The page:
An enjoyable read, even more appealing than the previous trilogy.
‘The Domes of Fire’ is the first novel in a trilogy ‘The Tamuli’. It is set roughly 7 years after the events of ‘The Elenium’, and features the same characters. It is not really necessary to have read the first trilogy to enjoy this novel, but you would have a better understanding of the characters. The prologue features the events of the Elenium in the style of a report from a foreign government who can’t quite believe it actually happened. This also gives some insights into the culture of the Tamuli people who are introduced in the novel.
Sparhawk and Queen Elhana are now married, they have a 6 year old girl who may be very influential in forthcoming events. The Tamuli ambassador asks for Sparhawk’s help, old legends are becoming reality and the trolls have entered their borders. Sparhawk agrees and brings along Queen Elhana’s court. There is something odd going on everywhere, and it could bring instability to all governments.
This novel covers their eventful trip to the Tamuli capital city. It is a cross between a road movie and a romance novel. Two beloved characters from the first trilogy finally decide to marry, and this brings its own complications that could hinder the bigger picture. David Eddings’s craft fully intertwines the simple character pieces with the big political stuff. His descriptions of cultures also come to the fore here, as the reader is finally introduced to how the Styrics live. A complete change in how they had previously been depicted, understandable as the group visit places where the Styrics could have their way of life unchallenged. The Tamuli palace is also described exquisitely, and gives the novel its name ‘the domes of fire.’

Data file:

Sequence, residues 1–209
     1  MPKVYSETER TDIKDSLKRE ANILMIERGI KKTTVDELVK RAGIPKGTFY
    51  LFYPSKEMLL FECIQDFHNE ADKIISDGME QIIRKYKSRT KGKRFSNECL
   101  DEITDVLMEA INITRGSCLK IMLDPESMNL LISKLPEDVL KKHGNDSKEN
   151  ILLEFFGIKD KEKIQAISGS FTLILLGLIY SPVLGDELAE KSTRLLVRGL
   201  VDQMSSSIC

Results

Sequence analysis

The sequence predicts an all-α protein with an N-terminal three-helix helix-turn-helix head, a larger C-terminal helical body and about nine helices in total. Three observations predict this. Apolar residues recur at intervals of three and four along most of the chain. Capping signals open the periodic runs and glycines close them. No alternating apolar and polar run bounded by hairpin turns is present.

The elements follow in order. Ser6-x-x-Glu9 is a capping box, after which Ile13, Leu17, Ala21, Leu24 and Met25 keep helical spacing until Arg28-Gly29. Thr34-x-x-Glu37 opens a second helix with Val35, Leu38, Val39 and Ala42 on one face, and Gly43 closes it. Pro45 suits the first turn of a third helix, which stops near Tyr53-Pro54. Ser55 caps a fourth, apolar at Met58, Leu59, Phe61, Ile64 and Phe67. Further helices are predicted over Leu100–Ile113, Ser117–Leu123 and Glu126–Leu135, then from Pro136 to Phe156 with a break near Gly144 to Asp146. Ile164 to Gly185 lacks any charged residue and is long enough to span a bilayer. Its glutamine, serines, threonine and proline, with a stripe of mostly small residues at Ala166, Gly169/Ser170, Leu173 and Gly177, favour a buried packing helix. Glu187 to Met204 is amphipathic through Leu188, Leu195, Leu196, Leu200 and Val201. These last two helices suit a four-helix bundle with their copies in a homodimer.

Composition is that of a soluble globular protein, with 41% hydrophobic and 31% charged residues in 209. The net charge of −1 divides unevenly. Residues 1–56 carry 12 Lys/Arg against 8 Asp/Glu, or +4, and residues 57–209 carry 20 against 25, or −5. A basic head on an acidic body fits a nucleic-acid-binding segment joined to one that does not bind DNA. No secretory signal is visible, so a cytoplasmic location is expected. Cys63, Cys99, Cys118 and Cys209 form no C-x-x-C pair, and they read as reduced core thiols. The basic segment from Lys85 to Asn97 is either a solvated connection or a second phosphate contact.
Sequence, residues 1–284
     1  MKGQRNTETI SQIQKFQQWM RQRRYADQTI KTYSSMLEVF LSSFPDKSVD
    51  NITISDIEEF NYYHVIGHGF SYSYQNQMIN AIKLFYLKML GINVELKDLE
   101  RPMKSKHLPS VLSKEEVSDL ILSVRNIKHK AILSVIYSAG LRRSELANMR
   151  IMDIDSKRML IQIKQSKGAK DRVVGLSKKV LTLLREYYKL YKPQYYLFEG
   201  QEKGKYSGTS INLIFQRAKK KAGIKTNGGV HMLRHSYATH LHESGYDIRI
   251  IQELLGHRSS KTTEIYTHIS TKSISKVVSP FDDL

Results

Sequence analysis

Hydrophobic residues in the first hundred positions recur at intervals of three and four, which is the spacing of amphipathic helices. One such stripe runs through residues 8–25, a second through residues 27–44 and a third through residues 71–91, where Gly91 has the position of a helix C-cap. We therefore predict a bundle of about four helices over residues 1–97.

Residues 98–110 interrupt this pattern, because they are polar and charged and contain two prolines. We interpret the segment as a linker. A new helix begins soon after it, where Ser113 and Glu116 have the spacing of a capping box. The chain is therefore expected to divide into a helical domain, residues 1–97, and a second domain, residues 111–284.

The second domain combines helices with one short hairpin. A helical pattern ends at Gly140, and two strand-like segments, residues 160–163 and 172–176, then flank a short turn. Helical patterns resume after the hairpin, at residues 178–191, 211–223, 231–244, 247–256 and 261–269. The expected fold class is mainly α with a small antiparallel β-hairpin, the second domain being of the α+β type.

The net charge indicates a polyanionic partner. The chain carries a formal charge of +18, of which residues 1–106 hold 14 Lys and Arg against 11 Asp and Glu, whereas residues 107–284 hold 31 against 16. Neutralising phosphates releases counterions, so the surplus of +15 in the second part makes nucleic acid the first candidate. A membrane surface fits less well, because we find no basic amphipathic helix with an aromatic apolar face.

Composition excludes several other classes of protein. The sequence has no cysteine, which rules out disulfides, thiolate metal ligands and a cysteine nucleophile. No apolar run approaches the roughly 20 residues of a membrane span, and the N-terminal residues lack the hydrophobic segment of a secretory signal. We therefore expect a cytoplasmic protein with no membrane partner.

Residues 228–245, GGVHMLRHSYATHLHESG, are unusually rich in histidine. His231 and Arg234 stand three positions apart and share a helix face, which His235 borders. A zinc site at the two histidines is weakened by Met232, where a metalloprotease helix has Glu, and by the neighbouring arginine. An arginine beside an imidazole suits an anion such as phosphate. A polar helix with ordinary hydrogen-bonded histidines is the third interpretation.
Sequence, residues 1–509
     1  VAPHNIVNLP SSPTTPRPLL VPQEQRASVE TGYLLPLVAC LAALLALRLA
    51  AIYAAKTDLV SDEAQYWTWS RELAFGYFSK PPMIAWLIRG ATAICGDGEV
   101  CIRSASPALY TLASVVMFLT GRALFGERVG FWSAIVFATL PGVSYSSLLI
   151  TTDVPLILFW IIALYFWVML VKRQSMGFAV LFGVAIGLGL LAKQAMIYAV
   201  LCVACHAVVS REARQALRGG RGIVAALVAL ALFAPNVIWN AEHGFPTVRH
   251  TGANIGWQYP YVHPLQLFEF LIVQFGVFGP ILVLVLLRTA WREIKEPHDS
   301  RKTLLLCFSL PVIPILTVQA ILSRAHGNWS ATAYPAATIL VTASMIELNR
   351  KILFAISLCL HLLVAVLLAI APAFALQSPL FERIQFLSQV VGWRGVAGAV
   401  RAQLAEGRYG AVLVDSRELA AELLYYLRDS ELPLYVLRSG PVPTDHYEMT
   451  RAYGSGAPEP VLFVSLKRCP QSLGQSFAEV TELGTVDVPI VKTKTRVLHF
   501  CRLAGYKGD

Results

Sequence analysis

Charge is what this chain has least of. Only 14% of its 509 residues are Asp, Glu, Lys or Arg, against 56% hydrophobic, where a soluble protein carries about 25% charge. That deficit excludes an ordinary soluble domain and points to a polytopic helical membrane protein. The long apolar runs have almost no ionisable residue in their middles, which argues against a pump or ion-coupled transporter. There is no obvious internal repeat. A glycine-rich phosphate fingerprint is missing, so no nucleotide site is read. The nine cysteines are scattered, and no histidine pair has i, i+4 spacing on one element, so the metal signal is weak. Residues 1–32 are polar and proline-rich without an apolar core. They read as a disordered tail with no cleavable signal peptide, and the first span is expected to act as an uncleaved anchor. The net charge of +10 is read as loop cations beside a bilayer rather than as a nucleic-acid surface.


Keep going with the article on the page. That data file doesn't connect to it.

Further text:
An enjoyable read, the joint lead characters make this more appealing than the previous trilogy and hopefully it will continue in this way. The cliff hanger is very ironic if you are familiar with ‘The Elenium’, and does make you want to find out what happens next.
Review by Angela
8.3/10 from 1 reviews
There are currently no reader reviews for this book. Why not be the first?